Security Experts Warn Against Sharing COVID Vaccine Card Photos

By Pat Carragher - February 15, 2021

As COVID-19 vaccines have started to make their way into the arms of health care workers and at-risk populations, it’s become increasingly popular for recipients to share photos of their experience on social media. Before you snap a picture of your completed vaccination card, the Better Business Bureau warns that the information on it makes you vulnerable to identity theft and can help scammers create fake versions of the cards.

"Unfortunately, your card has your full name and birthday on it, as well as information about where you got your vaccine," said the BBB in a news release. "If your social media privacy settings aren't set high, you may be giving valuable information away for anyone to use."

According to Hugh Percy, manager of cybersecurity operations at Moffitt Cancer Center, as our society moves to an all-digital way of life, so does thievery.

“In today’s world it’s about getting as much information on you as possible,” Percy said. “The whole point of that is to recreate a ‘digital you.’ Your health records, bank account information, everything.”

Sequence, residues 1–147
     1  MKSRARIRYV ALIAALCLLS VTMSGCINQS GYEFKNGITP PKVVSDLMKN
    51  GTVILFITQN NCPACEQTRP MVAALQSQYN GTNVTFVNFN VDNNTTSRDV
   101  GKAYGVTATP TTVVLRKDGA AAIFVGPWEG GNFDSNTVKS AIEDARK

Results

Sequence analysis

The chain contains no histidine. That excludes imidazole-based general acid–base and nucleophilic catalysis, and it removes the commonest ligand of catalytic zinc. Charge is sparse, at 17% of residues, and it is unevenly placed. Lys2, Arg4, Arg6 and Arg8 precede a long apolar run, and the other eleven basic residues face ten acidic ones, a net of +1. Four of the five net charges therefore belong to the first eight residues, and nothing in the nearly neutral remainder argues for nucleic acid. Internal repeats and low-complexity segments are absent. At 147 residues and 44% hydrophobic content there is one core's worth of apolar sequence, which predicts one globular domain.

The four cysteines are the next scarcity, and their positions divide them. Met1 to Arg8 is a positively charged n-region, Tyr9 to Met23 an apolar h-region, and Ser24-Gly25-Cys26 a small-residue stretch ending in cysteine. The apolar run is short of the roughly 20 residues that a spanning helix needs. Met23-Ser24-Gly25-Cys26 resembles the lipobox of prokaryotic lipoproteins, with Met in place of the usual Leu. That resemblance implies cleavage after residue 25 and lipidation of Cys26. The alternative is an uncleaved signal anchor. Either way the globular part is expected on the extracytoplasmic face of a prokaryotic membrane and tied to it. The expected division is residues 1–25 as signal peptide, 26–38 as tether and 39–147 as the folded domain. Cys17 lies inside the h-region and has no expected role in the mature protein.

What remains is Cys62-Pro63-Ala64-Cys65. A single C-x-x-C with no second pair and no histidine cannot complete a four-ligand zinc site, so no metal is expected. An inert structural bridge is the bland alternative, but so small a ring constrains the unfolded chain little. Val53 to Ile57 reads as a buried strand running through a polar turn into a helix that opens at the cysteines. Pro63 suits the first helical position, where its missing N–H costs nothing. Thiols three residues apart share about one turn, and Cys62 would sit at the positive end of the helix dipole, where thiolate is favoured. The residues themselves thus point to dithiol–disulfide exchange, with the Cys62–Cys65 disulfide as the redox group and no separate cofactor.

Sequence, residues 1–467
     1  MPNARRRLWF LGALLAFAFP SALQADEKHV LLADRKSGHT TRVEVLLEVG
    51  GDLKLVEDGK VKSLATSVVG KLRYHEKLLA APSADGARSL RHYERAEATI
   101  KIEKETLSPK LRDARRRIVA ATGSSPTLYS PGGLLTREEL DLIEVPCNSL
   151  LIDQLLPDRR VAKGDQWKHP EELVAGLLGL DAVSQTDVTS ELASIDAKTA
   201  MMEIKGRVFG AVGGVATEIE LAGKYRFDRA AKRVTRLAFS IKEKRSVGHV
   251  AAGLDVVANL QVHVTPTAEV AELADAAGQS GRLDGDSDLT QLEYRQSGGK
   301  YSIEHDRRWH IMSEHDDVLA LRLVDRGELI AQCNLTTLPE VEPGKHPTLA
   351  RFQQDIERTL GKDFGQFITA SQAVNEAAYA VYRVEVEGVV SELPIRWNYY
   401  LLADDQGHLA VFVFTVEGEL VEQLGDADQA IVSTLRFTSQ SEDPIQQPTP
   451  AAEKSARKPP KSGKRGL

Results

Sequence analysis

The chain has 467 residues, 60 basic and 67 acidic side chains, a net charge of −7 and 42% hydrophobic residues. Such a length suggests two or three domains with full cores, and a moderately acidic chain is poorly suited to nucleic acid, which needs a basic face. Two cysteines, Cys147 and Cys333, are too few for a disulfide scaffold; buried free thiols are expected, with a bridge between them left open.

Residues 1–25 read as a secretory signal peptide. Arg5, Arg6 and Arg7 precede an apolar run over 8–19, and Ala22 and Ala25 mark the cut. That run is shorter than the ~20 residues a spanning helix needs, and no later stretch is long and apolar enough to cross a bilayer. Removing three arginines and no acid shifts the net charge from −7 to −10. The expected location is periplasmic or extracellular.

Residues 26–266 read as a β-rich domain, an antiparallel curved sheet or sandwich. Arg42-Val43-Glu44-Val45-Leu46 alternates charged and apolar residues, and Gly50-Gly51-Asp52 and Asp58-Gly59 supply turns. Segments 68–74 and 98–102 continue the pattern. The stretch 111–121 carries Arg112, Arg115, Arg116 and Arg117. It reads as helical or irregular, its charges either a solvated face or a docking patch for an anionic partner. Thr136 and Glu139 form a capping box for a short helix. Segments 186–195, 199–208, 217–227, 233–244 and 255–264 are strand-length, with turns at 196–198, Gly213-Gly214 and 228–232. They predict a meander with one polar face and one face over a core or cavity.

Safe Ways to Share Your Vaccine Story

“When you’re taking a picture of your vaccine card, they all have a lot of information on there,” said Percy. “If you have your COVID information online, someone can steal that data and learn a lot about you and use that against you.”

The safest way to protect your personal information is to not share it at all, but if you are inclined to post a photo, there are some steps you can take to protect you from harm.

Percy suggests sharing a photo of your vaccine sticker or setting a frame around your profile picture.

The BBB also suggests checking the security settings on your social media accounts to see what you are sharing and with whom. If you only want friends and family to see your posts, be sure that’s how your privacy settings are configured.

Finally, sharing your vaccine photo is just the latest in a never-ending cycle of social trends. Other viral personal posts, like listing your favorite songs and TV shows can put you at risk. These favorite things are commonly used passwords or security questions. Your birthday is one of the pieces of personal info listed on the card, and according to Percy, is one of the most commonly used pieces of data used in personal passwords.

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